Yes, it’s that time of year again … March Madness … when anyone who loves B-Ball forgets all else for a few short weeks.
As much as I love the game—from my high school days through 20 years of announcing both boys’ and girls’ games at my alma mater—I’ve always felt the game mirrored life in so many ways. There always seemed to be valuable lessons to learn on the court and yet, ultimately, many never seemed to learn many of the most crucial and often times most obvious. The same certainly holds true today.
As we advance into the NCAA “Sweet Sixteen,” I couldn’t help but notice an ever-emerging trend in the bracket results thus far.
- 5 teams have been eliminated after losing by a mere THREE POINTS!
- 5 teams are now history after being beaten by only TWO POINTS!
- 3 teams have had their Championship Dreams destroyed by coming up ONE POINT short at the buzzer!
Now for those who constantly tell us: “DON’T SWEAT THE SMALL STUFF!” … I’d love to invite you into the locker rooms of the above 13 teams to spread your gospel.
A free throw is considered “small stuff” by far too many people on and off the court! To others it’s the decisive factor between a very long and challenging winning or losing season!
I watched one of my favorite teams, heavily favored by the way, get booted out of the Big Ten Tournament in their first game. Simple math tells the ugly story.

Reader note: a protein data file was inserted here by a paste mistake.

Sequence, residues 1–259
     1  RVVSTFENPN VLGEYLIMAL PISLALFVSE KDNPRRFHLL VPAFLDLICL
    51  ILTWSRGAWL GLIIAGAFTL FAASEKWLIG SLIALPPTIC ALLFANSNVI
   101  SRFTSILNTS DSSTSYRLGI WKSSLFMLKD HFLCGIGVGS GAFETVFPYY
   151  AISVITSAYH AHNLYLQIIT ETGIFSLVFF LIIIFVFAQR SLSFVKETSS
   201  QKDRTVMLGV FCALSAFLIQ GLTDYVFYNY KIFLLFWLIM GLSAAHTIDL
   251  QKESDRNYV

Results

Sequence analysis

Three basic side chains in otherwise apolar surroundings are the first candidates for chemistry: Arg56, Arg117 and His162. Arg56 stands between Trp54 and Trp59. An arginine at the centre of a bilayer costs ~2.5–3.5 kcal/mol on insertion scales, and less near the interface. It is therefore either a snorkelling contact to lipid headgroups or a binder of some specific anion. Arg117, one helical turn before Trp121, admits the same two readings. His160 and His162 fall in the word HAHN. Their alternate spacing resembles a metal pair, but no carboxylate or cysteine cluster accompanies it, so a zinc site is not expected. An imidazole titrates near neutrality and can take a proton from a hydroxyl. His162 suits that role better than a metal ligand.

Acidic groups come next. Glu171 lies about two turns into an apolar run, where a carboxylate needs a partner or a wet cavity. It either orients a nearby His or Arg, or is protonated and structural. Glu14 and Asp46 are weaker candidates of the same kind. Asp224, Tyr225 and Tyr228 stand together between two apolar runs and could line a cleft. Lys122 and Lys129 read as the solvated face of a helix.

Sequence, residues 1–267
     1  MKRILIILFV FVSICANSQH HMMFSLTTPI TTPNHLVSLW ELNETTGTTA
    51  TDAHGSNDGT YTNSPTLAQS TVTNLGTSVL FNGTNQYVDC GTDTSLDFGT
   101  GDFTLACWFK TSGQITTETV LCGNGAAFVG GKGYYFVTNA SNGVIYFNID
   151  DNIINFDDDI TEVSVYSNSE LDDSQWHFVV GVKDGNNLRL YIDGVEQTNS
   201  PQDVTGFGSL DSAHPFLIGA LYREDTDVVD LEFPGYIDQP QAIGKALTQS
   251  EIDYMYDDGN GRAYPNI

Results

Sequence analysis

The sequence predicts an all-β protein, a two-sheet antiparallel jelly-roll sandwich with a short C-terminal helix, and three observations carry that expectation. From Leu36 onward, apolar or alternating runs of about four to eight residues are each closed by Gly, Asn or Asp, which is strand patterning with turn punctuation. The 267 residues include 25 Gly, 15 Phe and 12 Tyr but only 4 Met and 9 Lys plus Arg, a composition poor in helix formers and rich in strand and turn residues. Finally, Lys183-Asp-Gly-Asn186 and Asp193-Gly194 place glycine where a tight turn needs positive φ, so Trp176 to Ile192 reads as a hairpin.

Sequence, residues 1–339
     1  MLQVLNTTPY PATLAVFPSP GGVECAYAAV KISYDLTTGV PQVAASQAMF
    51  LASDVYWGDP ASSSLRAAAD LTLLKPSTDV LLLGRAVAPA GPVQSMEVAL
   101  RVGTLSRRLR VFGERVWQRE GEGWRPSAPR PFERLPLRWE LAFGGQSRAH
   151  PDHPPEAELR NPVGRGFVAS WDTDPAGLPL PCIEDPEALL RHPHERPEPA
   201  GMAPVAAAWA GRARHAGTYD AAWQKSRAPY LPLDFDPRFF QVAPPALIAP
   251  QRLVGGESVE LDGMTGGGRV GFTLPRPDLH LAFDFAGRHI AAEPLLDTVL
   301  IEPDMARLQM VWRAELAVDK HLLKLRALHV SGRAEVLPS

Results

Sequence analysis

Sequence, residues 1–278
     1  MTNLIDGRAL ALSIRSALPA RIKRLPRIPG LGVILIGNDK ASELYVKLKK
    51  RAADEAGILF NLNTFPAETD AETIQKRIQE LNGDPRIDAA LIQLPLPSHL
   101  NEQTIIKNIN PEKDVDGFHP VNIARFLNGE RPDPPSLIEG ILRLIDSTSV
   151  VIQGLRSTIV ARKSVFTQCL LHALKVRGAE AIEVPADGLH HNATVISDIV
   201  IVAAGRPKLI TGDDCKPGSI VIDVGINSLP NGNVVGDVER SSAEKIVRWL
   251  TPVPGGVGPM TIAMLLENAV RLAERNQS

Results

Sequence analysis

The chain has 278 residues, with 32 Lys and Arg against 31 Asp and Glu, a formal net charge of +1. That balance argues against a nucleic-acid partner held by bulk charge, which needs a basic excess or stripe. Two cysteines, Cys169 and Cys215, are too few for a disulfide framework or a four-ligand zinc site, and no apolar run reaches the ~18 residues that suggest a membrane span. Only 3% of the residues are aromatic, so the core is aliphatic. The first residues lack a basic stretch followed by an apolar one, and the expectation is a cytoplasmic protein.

- They lost by just 5 points.
- They missed 15 free throws!
- They’re still in the NCAA “Sweet 16.”
Another simple explanation:
- They won their first game by just 3 points.
- They won their second game by only 2 points!
Oddly enough, they enhanced their free throw percentage since the Big Ten Tourney!
Over my 20-year career as an announcer for hundreds of games, I lost count of the games that were decided by missed free throws!
My advice to any coach or player: “SWEAT THE SMALL STUFF” … free throws, dribbling, passing, blocking, rebounding, teamwork, communication, practice, concentration, attitude, etc. —all considered “small stuff” by many high school, college, and professional players and coaches today. Think not? Read the newspapers. Watch TV. Go to a game.
Yet, study any winning program and you’ll find an extreme focus on the “small stuff” which, in the end, is critical to the success of individuals and teams alike.
The same holds true in our personal lives and our careers. Take care of the details and “Big Stuff” seems to take care of itself. Think about it.